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The Leopard Slug

Benjamin C. Krause

Read the following passage and answer the questions that follow.

Limax maximus, the leopard slug, exhibits the most interesting and peculiar mating behavior in the animal kingdom. The two hermaphroditic slugs dance in circles for hours, their tongues caressing each other, then climb a nearby tree and crawl out onto a branch.

From a rope of mucus secreted by their bodies, they lower themselves several inches below the branch and extend their enormous phalli, which entwine together, creating something like an orb that hangs from the tree.

The slugs simultaneously implant their semen in each other, and both will become pregnant. Their phalli then recede back into their bodies and the slugs separate to lay their eggs, which will number in the hundreds.


1. Based on this passage, which of the following sentences best describes the attitude of the leopard slug toward its partner?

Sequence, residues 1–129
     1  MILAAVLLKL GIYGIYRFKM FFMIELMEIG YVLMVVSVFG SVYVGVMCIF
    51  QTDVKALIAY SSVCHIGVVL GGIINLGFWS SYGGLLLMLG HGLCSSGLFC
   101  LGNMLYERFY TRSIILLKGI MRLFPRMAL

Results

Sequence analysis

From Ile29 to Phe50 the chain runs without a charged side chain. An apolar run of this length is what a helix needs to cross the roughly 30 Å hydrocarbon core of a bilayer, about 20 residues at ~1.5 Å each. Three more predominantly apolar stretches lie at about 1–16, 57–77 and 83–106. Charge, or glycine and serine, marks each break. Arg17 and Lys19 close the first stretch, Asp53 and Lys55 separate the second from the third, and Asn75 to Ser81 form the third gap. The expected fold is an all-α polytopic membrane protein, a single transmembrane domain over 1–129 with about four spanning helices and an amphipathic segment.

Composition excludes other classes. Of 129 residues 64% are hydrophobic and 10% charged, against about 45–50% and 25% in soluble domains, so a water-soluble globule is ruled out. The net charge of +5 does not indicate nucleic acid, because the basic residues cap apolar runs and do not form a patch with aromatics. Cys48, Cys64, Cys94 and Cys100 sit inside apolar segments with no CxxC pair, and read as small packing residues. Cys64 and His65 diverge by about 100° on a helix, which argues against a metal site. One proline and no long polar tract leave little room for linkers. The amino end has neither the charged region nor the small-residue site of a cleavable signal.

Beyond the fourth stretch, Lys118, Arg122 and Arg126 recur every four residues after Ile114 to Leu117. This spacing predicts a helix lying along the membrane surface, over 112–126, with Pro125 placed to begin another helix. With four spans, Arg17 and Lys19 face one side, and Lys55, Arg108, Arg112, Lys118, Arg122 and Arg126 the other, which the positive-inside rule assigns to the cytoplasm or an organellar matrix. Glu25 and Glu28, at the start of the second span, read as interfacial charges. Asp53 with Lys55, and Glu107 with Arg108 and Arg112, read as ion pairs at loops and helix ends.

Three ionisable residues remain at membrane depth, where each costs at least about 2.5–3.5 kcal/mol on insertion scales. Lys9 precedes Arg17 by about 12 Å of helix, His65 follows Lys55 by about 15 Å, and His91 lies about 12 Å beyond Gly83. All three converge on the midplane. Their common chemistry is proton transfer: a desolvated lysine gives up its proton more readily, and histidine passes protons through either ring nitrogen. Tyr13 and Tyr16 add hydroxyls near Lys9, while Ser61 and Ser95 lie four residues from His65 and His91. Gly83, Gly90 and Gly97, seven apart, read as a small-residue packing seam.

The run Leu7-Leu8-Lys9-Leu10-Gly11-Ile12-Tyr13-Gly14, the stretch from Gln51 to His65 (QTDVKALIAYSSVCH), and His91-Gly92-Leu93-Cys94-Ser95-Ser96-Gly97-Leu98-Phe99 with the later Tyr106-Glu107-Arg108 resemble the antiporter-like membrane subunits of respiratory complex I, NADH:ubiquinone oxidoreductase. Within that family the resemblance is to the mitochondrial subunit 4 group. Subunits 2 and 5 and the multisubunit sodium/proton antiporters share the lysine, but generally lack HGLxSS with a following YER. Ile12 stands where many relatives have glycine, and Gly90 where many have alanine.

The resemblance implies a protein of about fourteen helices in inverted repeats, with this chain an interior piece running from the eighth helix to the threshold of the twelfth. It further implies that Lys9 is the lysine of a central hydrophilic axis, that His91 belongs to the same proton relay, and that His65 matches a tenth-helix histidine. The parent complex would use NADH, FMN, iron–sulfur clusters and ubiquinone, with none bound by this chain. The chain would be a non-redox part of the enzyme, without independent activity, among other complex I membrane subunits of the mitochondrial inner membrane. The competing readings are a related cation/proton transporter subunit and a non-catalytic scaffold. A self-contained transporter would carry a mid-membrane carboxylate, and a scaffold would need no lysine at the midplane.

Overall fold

(A) The slug is enamored, but afraid of loss.
(B) The slug sees its partner as inferior, but
     seeks to change it into an equal.
(C) The slug appears indifferent, but possesses
     a deep respect of which it cannot speak.
(D) The slug is settling for someone who is
     available, rather than someone it loves.


2. What is the most likely reason this passage was written?

(A) The author has not had sex with his wife in
     months.
(B) The author is overly attached to his mother.
(C) The author secretly desires to be a
     hermaphrodite himself.
(D) The author is building an army of slugs to
     punish the people who called him a nerd
     in middle school.


3. What function does the final paragraph serve?

(A) It exposes the author's deep-seeded desire
     to reproduce.
(B) It demonstrates the universal need to be
     loved among all of creation.
(C) It tragically ends the freedom of two
     previously independent slugs.
(D) It is a post-modern paragraph and need not
     have a clear-cut purpose. It's just there to be
     appreciated, like a cat.


4. Are you talking about the paragraph still, or about this poem?

(A) Nothing is as obvious as it seems.
(B) I refuse to answer this question on the
     suspicion that you are a pederast.
(C) I am talking about nothing, but also about
     everything important.
(D) You are dreaming. Wake up—

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